Jake Troth Discusses Solo Work, Releases “Wet Pavement”Video

Singer-songwriter Jake Troth keeps building momentum off his debut solo album, IT IS AS IF, which was produced by Dave Cobb and released last September. Troth, who up to that point was known for his work writing songs for established stars like Lizzo, Big Boi and Backstreet Boys, is receiving accolades for the record, which showcases his ingratiating melodies and insightful lyrics. He premieres his new video for “Wet Pavement” at American Songwriter today.

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The video is the first in a series of clips Troth is planning to release called “IT IS AS IF: From Brooklyn.” American Songwriter recently caught up with him to talk about his success with the new album, the reaction to it from those who know his other work, and his devotion to good old-fashioned songcraft.

You had obviously written for a lot of artists and had released some solo singles over the years. But how does it feel to have a solo album in the books and what has the reaction to it been like for you?

Having my debut released feels like both a closure and opening of so many things. It’s been a long time in the making, so I can finally sleep at night knowing I’ve achieved that goal; but now comes the promotion, marketing, and performance. A whole new journey has just begun.

Tell me a little about the writing process for “Wet Pavement,” in terms of what inspired it.

“Wet Pavement” was started in Malibu, CA after a trip inland to Silverlake where I found some wet cement and got to write my initials and imprint my hand. I wrote some ‘pop’ chord progressions and some melodramatic lyrics inspired by Adele that never made the song, because I ended up using the initial pre-chorus as the chorus in the final composition, which was completed in Nashville the day we tracked the song. I guess it went through a few different time zones to get it right.

Have people been who have known you through your songwriting for others been surprised by the solo album in that it is such a stripped-down record?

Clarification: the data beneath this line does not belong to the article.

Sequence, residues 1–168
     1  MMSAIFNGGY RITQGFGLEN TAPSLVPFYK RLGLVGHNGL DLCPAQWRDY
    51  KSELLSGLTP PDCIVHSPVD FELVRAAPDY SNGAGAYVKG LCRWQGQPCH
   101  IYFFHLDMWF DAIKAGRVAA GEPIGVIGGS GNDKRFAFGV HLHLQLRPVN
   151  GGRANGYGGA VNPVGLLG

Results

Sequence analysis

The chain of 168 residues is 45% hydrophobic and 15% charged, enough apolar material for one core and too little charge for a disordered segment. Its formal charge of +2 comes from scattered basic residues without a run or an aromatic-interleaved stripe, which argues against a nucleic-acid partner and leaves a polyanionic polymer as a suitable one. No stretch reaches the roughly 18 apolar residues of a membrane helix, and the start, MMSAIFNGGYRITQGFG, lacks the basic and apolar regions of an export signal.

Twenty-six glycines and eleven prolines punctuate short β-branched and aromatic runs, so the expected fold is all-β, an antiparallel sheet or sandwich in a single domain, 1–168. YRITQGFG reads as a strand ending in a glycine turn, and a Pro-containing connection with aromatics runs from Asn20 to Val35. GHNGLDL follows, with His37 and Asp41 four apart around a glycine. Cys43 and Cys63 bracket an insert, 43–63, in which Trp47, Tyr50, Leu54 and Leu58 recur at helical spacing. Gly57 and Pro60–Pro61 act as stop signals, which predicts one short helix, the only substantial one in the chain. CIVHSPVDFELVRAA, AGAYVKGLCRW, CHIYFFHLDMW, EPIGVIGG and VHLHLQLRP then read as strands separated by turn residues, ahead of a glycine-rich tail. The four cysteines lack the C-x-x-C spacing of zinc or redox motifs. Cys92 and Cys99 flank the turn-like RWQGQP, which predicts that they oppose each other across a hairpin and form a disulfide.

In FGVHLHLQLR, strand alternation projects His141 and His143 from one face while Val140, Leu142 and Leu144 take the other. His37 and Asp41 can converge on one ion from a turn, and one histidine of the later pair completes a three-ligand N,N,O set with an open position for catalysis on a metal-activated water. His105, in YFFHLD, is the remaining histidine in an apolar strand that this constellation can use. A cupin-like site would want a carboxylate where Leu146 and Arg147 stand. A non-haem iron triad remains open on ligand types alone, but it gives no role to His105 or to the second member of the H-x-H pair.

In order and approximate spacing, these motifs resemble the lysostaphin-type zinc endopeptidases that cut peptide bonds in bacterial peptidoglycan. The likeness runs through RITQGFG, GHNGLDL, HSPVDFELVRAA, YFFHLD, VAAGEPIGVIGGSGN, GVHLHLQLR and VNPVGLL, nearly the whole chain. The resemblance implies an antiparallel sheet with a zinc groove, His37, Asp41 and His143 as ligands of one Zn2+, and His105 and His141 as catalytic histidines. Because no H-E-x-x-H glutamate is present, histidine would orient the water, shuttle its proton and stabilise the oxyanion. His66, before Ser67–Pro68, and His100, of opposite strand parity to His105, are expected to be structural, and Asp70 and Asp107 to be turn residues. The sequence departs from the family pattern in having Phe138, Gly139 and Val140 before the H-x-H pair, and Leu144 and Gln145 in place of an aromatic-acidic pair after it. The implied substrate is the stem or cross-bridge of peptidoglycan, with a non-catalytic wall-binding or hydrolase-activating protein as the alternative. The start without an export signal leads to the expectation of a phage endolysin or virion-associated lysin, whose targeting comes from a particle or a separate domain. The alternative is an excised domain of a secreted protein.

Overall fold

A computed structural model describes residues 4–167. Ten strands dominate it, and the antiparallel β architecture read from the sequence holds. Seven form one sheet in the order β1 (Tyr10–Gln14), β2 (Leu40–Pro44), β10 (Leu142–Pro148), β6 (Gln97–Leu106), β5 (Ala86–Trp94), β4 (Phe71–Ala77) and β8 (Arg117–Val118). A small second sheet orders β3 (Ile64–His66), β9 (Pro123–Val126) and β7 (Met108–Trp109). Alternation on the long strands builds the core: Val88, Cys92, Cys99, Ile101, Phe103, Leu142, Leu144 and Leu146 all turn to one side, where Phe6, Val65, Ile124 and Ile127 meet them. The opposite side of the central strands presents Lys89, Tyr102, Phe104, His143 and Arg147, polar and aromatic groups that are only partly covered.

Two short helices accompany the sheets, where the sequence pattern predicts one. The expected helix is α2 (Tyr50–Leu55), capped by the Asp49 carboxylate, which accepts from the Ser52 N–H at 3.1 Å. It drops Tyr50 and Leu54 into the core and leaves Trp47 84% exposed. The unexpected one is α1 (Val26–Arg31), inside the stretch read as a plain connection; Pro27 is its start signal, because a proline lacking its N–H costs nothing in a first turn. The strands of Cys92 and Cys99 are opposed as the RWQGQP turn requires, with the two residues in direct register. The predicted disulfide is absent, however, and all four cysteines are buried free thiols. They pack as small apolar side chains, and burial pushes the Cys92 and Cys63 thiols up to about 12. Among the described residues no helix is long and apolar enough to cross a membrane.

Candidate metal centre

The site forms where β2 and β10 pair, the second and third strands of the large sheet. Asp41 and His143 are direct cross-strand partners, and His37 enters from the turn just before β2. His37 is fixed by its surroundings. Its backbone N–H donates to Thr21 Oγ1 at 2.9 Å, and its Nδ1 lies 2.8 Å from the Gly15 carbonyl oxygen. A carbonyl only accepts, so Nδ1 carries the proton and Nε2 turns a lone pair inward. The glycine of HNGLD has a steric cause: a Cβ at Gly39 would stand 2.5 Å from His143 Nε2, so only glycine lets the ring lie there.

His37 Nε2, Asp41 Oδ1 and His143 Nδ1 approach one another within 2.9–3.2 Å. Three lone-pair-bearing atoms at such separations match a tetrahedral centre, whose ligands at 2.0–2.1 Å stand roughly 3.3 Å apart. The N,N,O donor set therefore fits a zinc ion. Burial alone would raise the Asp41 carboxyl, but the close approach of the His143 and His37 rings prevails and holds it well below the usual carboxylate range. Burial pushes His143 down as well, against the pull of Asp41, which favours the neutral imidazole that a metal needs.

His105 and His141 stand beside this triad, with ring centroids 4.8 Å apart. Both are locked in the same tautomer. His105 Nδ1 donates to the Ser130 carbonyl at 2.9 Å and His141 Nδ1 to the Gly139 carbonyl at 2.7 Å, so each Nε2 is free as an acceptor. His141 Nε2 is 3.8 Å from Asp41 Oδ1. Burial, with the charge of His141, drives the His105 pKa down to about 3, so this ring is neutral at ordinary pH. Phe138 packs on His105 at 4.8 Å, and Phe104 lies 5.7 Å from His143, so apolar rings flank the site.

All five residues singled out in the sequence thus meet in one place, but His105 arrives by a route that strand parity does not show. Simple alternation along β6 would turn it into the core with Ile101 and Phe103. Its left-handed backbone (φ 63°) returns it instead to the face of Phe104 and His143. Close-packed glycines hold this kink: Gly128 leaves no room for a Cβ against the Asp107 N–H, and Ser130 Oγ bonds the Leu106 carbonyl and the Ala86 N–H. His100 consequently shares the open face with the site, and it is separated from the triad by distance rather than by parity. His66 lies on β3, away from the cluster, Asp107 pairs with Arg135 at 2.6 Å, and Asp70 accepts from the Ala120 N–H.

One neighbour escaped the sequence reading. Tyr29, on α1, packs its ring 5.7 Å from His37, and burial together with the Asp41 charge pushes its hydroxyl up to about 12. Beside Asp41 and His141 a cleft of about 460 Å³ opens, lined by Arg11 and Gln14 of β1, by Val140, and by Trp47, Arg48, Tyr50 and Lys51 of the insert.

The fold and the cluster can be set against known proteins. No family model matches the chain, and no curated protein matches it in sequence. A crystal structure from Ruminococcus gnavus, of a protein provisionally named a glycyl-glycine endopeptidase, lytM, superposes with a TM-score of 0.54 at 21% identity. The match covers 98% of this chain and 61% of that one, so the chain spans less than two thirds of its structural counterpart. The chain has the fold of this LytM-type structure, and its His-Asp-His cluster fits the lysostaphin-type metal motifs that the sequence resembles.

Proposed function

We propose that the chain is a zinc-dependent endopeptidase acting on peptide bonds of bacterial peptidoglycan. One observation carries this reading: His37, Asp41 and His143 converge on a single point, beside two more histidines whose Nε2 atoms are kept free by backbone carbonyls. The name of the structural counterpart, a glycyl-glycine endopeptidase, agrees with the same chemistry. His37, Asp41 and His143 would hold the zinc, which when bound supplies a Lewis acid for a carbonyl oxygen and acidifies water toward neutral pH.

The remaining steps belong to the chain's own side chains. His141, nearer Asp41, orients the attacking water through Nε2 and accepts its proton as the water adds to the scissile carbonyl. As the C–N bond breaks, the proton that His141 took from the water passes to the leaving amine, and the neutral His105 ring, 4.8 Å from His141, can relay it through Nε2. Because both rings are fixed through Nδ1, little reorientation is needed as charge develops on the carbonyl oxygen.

It’s usually the other way around. The way I most often present myself is closer to the sound of my solo album, then after sharing the songs I wrote with Kevin Gates, Kehlani, Backstreet Boys etc., people are surprised it’s all done by the same person. Everyone has been supportive so far, and some have revealed after hearing IT IS AS IF that they wish to have a wider variety of output.

Listening to “Wet Pavement” and the rest of the album, it’s clear that you have a deep respect for songcraft, in terms of melody and meter and rhyme scheme and things like that. Do you feel like that’s a lost art sometimes in the world of modern music?

It’s certainly not a lost art yet, but it is more often I hear modern music’s effect on traditional songwriting techniques that have worked well for so long. I think blending the old and new is a very difficult thing to do tastefully. I wanted my album to not be time stamped by modern production or arrangements, so I wrote as if I was not only making a new song, but also singing karaoke to that song in a dive bar outside of town years to come. I always want to have an eternal aspect to the songs I write. Modern music seems to care less about that and more about being hyper present in the now, so we definitely have different things to take from one another.

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